3:48 I'm gonna need to import requests from starlette, a little bit of organization, but no more errors there. No more errors here.
3:56 So the last thing we need to do, notice this where we're mounting the routes, I'm gonna improve this as well, but we need the "api.include_router()"
4:04 Let's do "home.router" and weather, "weather_api.router" Just run it to see that that works.
4:12 Okay, So what we do is we basically define little sub parts of our application in these routers, and we just bring them all together here. Run again.
4:20 Wooo! Beautiful, beautiful! If we click this, what's going to happen? We get some report. Awesome. So our API is working as well as our home page. And,
4:32 get it to refresh, Oh yeah, Check it out. We even got it to put the favicon up there. Super sweet. So we can use this.
4:40 We can use these routers to have a much, much, much better organization of our code instead of cramming it all into the main.py.
4:50 Final thing, let's do a little bit more organization here. Let's go and define a method called "configure"
4:59 and here we're going to, I guess we'll have configure, configure routing, and let's have a
5:08 function here. Why? Why would I have just one function that just calls another? Because we're gonna be doing other things.
5:13 Configuring the database, configuring API keys, configuring this, so this this area will grow. And now if I just run it like this,
5:22 we're gonna be back to our 404. Alright, 404. So what we need to do is we need to make sure that we call configure first and this is super tricky
5:32 what's going on here. A lot of times when we run in production, this code is not run in this way. So this should fix it, get it to come up.
5:41 There we go. So it works again. But let's see if I could make it run the way it would in production. Come down here. We would say "uvicorn",
5:50 I think it's dash, "-b main:api" like this. There we go. uvicorn. Let's see what we're supposed to do. Maybe it's just like this. There we go.
6:06 Alright, It looks like it worked yeah? So should be fine. we're back to not found again. What's going on? Here's what's going on.
6:14 Check this out. So it just imported this file, didn't run the main stuff, and that meant configure didn't get called. So we need to have an "else",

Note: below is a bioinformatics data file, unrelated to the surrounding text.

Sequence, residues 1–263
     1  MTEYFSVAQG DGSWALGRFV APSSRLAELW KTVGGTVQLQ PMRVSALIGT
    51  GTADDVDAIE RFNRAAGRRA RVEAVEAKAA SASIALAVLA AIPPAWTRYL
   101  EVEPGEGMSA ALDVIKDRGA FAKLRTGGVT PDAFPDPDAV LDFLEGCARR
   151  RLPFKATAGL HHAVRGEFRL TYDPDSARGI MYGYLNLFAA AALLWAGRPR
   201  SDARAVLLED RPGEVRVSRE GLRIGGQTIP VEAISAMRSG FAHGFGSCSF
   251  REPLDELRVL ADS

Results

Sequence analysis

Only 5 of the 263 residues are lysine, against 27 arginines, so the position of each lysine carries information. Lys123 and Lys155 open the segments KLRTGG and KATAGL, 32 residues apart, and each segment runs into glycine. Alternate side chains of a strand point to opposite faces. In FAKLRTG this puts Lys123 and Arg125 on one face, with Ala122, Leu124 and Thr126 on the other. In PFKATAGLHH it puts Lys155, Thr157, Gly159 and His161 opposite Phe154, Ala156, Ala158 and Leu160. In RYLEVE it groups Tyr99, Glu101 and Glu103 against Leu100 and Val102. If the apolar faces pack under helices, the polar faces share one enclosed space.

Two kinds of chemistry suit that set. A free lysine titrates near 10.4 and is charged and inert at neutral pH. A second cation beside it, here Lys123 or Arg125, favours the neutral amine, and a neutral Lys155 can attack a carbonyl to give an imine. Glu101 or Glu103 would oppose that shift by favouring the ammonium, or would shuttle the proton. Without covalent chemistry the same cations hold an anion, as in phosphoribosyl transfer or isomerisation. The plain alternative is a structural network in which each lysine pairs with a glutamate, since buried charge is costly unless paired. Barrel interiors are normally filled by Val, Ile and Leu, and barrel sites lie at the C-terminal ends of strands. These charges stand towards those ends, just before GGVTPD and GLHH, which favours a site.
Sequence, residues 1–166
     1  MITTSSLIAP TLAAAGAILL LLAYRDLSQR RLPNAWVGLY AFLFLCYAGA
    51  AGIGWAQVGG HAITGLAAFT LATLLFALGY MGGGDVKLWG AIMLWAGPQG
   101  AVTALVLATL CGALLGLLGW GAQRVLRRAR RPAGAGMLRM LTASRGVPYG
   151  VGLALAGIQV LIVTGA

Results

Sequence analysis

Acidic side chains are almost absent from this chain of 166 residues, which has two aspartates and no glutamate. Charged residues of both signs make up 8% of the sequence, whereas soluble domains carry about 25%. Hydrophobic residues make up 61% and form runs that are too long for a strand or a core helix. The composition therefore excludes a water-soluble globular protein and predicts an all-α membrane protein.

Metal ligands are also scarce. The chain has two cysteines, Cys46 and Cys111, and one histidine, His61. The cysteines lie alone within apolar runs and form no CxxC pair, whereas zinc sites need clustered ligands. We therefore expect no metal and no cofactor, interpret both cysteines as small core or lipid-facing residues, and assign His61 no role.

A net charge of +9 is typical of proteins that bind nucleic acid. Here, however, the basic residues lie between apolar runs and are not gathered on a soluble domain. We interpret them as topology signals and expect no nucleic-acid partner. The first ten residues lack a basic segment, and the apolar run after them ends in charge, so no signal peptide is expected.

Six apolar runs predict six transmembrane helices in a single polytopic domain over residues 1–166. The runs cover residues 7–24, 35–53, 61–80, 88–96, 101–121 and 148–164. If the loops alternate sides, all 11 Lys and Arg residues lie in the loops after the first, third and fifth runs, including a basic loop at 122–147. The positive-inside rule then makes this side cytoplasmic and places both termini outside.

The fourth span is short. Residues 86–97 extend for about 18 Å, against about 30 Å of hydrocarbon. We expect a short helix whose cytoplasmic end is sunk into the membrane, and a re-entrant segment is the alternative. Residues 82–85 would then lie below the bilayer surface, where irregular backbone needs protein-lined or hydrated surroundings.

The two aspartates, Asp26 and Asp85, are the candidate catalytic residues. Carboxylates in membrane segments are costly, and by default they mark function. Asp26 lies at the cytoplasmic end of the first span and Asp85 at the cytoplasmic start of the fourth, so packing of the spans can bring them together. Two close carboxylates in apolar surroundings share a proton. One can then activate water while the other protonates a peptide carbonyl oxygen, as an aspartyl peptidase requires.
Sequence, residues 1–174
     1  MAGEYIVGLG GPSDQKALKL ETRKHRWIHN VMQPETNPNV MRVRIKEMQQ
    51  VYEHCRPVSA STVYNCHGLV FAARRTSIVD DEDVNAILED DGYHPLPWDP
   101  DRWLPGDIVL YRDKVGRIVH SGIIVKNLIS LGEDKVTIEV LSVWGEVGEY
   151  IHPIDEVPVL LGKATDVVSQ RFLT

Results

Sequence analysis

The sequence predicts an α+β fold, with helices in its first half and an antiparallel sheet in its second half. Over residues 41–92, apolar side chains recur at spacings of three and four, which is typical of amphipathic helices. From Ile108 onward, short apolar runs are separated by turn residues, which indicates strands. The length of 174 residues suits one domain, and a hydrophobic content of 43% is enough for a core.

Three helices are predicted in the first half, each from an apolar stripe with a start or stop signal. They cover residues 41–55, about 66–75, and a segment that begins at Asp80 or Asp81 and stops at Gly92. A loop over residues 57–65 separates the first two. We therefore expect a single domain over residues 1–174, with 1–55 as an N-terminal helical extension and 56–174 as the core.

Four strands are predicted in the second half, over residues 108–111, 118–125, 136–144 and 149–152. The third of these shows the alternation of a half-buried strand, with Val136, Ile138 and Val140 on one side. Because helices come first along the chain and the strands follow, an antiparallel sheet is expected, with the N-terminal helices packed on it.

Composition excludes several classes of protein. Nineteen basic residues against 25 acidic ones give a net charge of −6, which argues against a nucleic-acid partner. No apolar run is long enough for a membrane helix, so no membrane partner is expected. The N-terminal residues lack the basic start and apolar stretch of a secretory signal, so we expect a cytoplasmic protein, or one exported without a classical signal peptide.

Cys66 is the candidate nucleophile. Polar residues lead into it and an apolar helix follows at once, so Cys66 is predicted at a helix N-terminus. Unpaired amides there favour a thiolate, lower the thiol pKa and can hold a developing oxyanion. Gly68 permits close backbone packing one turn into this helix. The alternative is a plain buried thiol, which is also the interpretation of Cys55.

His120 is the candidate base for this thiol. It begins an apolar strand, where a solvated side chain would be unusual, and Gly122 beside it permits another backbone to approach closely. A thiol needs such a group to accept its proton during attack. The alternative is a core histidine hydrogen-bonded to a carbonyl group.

6:21 and this is what happens in production is down here. I'm gonna do this little configure thing.
6:26 Now I go down to the terminal and I uvicorn it. It's back to working, okay. And again, if I run it like this, also working. Awesome.
6:39 So we've got some organization done here. We've got the structure of our main.py to help organize the startup code and
6:47 like things like database connections, all that kind of stuff that we're gonna have to sort of pile on here, right? Not quite there yet,
6:53 but we're getting there. And then, more importantly, we've put all the home stuff over here into the views.
7:00 And we put the API pieces into their own files as well. This one thing that we could also do is we could do
7:07 like this. Come over and say there's going to be all the views that have to do with home go in there. And we have a shared, that could go in there,
7:19 because as we have more views, you probably wanna have some structure as well. And that means, oh look at that. PyCharm
7:24 re-factored it. That is fantastic. Did it do it over here? No, no, no, no, man, if it did, that would have been awesome.
7:30 Say home slash to include the directory. Let's see how this works. Yeah,
7:35 it does. Layout is there. You can see you know that the layout got imported because of the CSS is still here.
7:41 Yeah. Perfect. Okay, so now we've got some organization around our templates, around our API's, around our views, and our main app, our main.py,
7:51 our main app start up.